Tuesday, November 29, 2011

A Couple of Things

I saw another blue circle in the wild:

It was part of a bike rack. Actually, sort of cool that it was incorporated as part of a larger whole, just as we are.

New step record:

Actually. a couple of strolls around the block would have bumped it up to 27000, but we'll save it for another day.

I've been having a problem with my big toe:

The podiatrist said it was bruising from walking too much in ill-fitting shoes (at that point I was still on blood thinners). I asked my primary about it today and he concurred. But I am worried. I've always jumped on symptoms, and have a bad feeling about this. I am going to have the kidney doc look at it too. (There are 3 people on my dialysis shift who have amputations; one recently died.)

No snow here yet. A year ago we have something like 10 inches, so I'm sure we'll get it sooner or later.

Tuesday, November 15, 2011

DB Meetup #4

It was just a week ago that I had my 4th db meetup, this time wth the gracious and classy Judith in Portland. Judith and I met a few years ago n Tu Diabetes. She grew up in Minneapolis and was in town visiting her sister. Scott Karl also joined us.

The three amigos:

Judith, feeling a bit warm (we were sitting near the fake fireplace):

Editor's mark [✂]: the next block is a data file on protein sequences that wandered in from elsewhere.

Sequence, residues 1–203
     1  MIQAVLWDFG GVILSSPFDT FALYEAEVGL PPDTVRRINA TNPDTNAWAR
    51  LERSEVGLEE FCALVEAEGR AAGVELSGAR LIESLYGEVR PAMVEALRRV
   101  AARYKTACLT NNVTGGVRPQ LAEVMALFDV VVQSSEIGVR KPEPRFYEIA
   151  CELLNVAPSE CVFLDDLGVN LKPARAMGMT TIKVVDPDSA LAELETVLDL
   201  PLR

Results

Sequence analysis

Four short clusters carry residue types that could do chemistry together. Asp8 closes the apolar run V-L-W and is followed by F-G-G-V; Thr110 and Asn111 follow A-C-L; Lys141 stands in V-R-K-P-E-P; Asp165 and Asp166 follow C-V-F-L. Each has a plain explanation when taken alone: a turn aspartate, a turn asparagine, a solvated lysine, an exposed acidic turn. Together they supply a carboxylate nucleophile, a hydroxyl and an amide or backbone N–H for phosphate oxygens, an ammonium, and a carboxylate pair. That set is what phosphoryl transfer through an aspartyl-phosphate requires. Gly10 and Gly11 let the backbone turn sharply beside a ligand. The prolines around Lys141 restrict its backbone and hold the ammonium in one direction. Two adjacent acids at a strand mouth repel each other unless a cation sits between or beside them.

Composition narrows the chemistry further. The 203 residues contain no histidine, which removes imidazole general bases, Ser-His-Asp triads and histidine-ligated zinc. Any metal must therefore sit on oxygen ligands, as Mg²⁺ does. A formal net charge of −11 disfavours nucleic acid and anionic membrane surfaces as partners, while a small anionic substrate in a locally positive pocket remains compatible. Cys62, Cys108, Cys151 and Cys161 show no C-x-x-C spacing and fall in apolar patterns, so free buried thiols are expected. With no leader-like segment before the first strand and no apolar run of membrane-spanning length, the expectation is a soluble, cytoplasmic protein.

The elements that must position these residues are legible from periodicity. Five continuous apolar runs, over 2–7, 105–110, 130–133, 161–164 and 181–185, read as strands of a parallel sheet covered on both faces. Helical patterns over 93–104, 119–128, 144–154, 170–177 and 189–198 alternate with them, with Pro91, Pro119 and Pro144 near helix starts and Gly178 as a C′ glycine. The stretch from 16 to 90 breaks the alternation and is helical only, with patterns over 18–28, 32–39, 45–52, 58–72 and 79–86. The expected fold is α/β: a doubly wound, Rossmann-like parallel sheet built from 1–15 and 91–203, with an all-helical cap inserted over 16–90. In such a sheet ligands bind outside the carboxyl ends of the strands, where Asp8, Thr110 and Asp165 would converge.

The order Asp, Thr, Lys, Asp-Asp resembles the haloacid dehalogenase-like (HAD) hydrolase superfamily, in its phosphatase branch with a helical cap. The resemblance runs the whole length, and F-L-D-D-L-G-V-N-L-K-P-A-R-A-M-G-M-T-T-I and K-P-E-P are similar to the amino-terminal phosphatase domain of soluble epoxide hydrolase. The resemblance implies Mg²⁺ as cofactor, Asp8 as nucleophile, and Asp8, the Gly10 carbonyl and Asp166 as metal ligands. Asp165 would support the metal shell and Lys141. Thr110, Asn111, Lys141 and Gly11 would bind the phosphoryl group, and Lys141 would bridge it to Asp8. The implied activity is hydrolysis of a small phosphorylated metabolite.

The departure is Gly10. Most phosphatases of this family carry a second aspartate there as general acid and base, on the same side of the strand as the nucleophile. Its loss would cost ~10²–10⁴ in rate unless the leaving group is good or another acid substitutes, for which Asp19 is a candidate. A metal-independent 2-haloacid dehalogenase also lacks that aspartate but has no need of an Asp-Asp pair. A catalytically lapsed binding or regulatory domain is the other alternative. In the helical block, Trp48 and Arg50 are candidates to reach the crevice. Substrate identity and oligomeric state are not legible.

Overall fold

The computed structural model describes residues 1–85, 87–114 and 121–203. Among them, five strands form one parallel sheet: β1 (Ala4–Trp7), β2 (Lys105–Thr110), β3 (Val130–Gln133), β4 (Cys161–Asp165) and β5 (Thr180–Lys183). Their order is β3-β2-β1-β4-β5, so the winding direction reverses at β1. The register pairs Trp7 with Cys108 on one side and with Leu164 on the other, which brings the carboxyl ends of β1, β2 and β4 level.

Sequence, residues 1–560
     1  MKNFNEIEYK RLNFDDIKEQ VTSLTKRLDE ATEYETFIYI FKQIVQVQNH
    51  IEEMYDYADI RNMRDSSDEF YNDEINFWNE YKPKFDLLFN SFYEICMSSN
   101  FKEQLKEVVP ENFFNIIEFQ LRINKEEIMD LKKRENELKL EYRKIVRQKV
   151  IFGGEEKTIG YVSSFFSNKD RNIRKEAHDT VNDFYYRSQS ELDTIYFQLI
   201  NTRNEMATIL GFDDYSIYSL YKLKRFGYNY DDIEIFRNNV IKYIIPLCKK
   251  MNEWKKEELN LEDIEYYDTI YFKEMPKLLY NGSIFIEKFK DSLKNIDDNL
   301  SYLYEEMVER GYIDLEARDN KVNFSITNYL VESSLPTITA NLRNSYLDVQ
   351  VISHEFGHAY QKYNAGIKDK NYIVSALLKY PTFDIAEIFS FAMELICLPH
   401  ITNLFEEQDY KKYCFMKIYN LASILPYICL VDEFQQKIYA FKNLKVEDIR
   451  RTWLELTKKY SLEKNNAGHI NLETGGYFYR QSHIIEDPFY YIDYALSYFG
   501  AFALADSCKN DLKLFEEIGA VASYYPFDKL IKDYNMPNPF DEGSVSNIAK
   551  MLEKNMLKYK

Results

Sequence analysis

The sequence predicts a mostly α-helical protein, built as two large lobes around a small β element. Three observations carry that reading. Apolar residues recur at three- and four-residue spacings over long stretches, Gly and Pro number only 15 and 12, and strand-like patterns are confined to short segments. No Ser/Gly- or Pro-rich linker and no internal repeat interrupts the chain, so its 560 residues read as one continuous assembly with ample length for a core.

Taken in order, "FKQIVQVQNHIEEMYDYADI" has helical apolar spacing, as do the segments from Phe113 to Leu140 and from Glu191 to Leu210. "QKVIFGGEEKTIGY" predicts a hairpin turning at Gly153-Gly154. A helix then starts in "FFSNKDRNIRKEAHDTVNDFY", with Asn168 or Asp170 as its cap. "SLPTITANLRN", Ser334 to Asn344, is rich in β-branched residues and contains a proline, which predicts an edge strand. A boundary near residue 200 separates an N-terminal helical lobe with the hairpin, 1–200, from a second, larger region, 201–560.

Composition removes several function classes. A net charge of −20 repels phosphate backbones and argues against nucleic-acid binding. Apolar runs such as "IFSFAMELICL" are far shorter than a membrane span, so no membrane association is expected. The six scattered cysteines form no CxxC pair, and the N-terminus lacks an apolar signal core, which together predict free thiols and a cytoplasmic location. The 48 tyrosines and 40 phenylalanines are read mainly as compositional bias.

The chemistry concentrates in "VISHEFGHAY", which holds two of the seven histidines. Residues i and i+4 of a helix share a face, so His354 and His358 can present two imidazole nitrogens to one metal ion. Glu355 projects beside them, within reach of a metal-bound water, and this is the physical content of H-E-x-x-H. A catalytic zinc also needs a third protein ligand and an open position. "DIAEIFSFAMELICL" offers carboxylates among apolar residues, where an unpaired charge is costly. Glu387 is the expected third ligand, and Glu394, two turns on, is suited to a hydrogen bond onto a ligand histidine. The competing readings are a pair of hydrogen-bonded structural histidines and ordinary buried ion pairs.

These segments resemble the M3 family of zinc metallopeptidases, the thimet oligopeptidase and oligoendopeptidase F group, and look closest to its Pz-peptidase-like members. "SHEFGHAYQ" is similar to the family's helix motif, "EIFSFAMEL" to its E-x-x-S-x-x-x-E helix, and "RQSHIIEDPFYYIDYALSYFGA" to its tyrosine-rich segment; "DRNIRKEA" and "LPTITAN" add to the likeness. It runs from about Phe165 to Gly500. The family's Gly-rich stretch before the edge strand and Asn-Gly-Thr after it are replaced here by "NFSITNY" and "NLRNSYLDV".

Getting ready to leave - don't I look like I'd just received a "feel terrific" injection?

And, here is my shirt for Blue Friday #2:

Tuesday, November 08, 2011

Ten Things Meme

I've been tagged by my longtime friend Zazzy.

1. Describe yourself in seven words.
Strong, fragile, trusting, introvert, compassionate, calm, frantic.

2. What keeps you awake at night?
Restless leg syndrome, carpal tunnel pain, and the temperature of my bedroom.

3. If you could be anyone for a day, who could you be and why?
A backup musician for Bob Dylan. Yes, I am gaga over him, and always will be.

4. What are you wearing right now?
Black cotton knit pants, long-sleeved olive tee shirt, and a little woolen muffler around my neck.
5. What scares you?
Further diabetes complications, being a burden to someone else, running out of insurance coverage to take care of the db needs, and global terrorism.

6. What are the best and worst things about blogging?
Best - making friends all over the world, getting emotional support, being creatively inspired. Worst - going bonkers when my computer shuts down, thinking people will judge my posts as stupid, being disappointed when I don't get a lot of comments.

7. What was the last website you looked at, apart from Twitter or Facebook?
Barefoot Contessa. I watch her cooking show on cable when I'm at dialysis. I swear she has never made anything yet that doesn't have at least 1/2 pound of butter in it.

8. If you could change one thing about yourself, what would it be?
The fact that I refused to have meetups with online friends until June of this year. Stupid stupid stupid.

9. Slankets, yes or no?
Well maybe yes if they were on sale or someone gave me one as a gift.

10. Tell us something about the person who tagged you.
Zazzy and I have been friends for a couple of years now. She is a devoted caregiver to her aging parents, and the mom to 2 kittys, Stasia and Casper. She is creative, wise, and insightful. She rocks!

I am tagging another good friend, Colleen.
Go for it!

Saturday, November 05, 2011

Blue Friday #1